Pampered Bureaucracy and Trade Liberalization
This paper shows how a nation's elite maintain ownership of their wealth by creating a `pampered bureaucracy.' The elite thus divert part of an otherwise entrepreneurial middle class from more productive manufacturing activities, reducing economic efficiency. Trade liberalization is potentially destabilizing since it lowers the opportunity cost to the lower classes of challenging the elite for their wealth. If trade liberalization does take place, it may mandate expansion of the pampered bureaucracy. Therefore, trade liberalization may actually reduce economic efficiency. The econometric results support our model and contribute to the literature on trade liberalization and the size of government.
|Date of creation:||Apr 2010|
|Date of revision:|
|Contact details of provider:|| Web page: http://www.vanderbilt.edu/econ/wparchive/index.html|
Please report citation or reference errors to , or , if you are the registered author of the cited work, log in to your RePEc Author Service profile, click on "citations" and make appropriate adjustments.:
- Daron Acemoglu & Simon Johnson & James A. Robinson, 2001.
"Reversal of Fortune: Geography and Institutions in the Making of the Modern World Income Distribution,"
NBER Working Papers
8460, National Bureau of Economic Research, Inc.
- Daron Acemoglu & Simon Johnson & James A. Robinson, 2002. "Reversal of Fortune: Geography and Institutions in the Making of the Modern World Income Distribution," The Quarterly Journal of Economics, Oxford University Press, vol. 117(4), pages 1231-1294.
- Dani Rodrik, 2008.
"Goodbye Washington Consensus, Hello Washington Confusion? A Review of the World Banks Economic Growth in the 1990s: Learning from a Decade of Reform,"
Savez ekonomista Vojvodine, Novi Sad, Serbia, vol. 55(2), pages 135-156, June.
- Dani Rodrik, 2006. "Goodbye Washington Consensus, Hello Washington Confusion? A Review of the World Bank's Economic Growth in the 1990s: Learning from a Decade of Reform," Journal of Economic Literature, American Economic Association, vol. 44(4), pages 973-987, December.
- Romer, Thomas, 1975. "Individual welfare, majority voting, and the properties of a linear income tax," Journal of Public Economics, Elsevier, vol. 4(2), pages 163-185, February.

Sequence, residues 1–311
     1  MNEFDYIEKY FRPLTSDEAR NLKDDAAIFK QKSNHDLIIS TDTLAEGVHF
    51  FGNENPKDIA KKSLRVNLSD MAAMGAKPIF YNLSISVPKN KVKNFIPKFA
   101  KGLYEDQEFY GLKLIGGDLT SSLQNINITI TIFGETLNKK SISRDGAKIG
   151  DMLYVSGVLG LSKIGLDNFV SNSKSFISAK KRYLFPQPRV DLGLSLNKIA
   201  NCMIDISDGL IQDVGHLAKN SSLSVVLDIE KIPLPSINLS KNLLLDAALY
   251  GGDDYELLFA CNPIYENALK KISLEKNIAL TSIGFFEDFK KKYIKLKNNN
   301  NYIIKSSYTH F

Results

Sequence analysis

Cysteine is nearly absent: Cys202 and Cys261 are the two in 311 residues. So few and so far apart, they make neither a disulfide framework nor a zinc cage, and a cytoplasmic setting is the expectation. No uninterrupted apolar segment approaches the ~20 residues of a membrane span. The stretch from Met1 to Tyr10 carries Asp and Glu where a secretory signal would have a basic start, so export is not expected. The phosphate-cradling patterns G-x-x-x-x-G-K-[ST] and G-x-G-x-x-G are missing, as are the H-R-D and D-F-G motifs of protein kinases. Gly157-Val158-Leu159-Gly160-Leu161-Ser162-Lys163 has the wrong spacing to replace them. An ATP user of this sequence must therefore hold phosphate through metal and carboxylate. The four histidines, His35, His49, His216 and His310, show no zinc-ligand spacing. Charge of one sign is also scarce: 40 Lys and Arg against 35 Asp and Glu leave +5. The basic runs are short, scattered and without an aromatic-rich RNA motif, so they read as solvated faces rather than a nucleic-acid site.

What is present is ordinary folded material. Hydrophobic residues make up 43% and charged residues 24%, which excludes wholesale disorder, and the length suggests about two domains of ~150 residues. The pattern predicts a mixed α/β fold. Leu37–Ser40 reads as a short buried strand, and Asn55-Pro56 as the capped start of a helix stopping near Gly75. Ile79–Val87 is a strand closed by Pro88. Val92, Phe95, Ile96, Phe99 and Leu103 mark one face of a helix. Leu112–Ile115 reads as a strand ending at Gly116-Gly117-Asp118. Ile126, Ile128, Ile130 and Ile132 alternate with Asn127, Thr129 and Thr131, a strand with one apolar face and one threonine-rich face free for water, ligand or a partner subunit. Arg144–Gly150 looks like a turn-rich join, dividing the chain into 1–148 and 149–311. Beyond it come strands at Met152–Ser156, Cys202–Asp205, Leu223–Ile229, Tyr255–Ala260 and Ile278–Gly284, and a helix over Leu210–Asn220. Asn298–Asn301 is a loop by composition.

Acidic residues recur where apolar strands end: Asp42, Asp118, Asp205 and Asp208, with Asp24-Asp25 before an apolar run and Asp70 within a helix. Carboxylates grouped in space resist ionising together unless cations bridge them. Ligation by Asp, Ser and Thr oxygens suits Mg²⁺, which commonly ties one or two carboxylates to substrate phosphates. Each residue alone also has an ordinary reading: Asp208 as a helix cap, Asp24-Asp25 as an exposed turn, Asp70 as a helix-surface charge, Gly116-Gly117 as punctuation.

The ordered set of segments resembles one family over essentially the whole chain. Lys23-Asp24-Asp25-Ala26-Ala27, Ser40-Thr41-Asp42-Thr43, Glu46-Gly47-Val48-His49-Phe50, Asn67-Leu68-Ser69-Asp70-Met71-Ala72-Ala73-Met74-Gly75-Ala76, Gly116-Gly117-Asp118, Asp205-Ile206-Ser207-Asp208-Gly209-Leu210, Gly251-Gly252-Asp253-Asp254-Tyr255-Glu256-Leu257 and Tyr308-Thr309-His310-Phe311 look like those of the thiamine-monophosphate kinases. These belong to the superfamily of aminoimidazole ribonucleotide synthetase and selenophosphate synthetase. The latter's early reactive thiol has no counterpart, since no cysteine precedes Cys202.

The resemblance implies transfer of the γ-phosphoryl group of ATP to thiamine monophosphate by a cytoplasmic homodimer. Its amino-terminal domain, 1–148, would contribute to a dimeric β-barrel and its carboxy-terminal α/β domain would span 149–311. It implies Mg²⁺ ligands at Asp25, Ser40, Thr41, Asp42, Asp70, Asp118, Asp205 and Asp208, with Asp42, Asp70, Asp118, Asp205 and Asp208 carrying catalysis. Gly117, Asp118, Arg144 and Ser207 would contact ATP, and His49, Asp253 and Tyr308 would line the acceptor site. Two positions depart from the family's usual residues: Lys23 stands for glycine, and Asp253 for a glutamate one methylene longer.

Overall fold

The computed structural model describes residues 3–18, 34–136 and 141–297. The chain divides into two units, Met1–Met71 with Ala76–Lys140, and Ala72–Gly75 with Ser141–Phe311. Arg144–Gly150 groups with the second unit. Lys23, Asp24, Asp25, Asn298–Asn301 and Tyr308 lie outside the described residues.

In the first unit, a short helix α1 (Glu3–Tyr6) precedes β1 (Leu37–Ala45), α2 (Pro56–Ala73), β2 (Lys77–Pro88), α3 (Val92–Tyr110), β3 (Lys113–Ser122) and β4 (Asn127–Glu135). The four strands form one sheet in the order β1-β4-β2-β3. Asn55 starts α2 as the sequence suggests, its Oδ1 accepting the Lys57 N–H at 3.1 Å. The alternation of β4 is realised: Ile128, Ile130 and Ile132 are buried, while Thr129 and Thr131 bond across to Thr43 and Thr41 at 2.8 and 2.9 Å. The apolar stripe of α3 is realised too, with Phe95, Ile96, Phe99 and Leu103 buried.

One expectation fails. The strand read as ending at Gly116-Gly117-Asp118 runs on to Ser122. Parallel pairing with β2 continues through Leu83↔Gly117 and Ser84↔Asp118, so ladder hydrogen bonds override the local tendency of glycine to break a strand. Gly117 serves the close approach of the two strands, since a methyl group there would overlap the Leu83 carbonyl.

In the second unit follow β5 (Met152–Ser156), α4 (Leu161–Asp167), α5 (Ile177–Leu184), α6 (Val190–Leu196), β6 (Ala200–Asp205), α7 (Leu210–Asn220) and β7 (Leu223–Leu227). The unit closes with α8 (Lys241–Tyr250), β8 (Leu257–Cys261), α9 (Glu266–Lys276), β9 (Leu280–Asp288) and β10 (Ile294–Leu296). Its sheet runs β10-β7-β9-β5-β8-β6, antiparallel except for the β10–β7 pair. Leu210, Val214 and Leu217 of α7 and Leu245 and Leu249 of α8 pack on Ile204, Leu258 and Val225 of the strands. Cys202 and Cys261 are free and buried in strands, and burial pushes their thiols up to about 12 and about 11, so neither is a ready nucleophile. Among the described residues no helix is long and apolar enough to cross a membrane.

- Rose, Andrew K., 2004.
"Do WTO members have more liberal trade policy?,"
Journal of International Economics,
Elsevier, vol. 63(2), pages 209-235, July.
- M Arellano & O Bover, 1990.
"Another Look at the Instrumental Variable Estimation of Error-Components Models,"
CEP Discussion Papers
dp0007, Centre for Economic Performance, LSE.
- Arellano, Manuel & Bover, Olympia, 1995. "Another look at the instrumental variable estimation of error-components models," Journal of Econometrics, Elsevier, vol. 68(1), pages 29-51, July.
- Dani Rodrik, 1998.
"Why Do More Open Economies Have Bigger Governments?,"
Journal of Political Economy,
University of Chicago Press, vol. 106(5), pages 997-1032, October.
- Dani Rodrik, 1996. "Why Do More Open Economies Have Bigger Governments?," NBER Working Papers 5537, National Bureau of Economic Research, Inc.
- Rodrik, Dani, 1996. "Why do More Open Economies Have Bigger Governments?," CEPR Discussion Papers 1388, C.E.P.R. Discussion Papers.
- Manuel Arellano & Stephen Bond, 1991.
"Some Tests of Specification for Panel Data: Monte Carlo Evidence and an Application to Employment Equations,"
Review of Economic Studies,
Oxford University Press, vol. 58(2), pages 277-297.
- Tom Doan, . "RATS program to replicate Arellano-Bond 1991 dynamic panel," Statistical Software Components RTZ00169, Boston College Department of Economics.
- Meltzer, Allan H & Richard, Scott F, 1981. "A Rational Theory of the Size of Government," Journal of Political Economy, University of Chicago Press, vol. 89(5), pages 914-27, October.
When requesting a correction, please mention this item's handle: RePEc:van:wpaper:1004. See general information about how to correct material in RePEc.
For technical questions regarding this item, or to correct its authors, title, abstract, bibliographic or download information, contact: (John P. Conley)
If references are entirely missing, you can add them using this form.